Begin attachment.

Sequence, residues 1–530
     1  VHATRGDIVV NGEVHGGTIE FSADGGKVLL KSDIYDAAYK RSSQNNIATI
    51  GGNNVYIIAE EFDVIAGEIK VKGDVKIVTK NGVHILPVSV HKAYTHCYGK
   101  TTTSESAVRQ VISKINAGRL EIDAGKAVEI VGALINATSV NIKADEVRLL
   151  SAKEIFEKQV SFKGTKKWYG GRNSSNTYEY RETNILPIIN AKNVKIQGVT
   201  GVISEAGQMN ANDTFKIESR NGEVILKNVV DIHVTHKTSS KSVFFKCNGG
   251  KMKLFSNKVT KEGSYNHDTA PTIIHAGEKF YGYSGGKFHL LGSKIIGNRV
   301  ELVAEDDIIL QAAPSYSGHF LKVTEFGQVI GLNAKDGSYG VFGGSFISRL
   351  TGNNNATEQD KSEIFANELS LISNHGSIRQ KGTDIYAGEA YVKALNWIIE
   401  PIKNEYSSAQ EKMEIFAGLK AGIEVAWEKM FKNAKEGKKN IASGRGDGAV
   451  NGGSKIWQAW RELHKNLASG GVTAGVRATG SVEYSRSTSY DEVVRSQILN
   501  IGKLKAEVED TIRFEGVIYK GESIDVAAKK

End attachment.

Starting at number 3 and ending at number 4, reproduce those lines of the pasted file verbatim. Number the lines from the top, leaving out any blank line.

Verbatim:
    51  GGNNVYIIAE EFDVIAGEIK VKGDVKIVTK NGVHILPVSV HKAYTHCYGK
   101  TTTSESAVRQ VISKINAGRL EIDAGKAVEI VGALINATSV NIKADEVRLL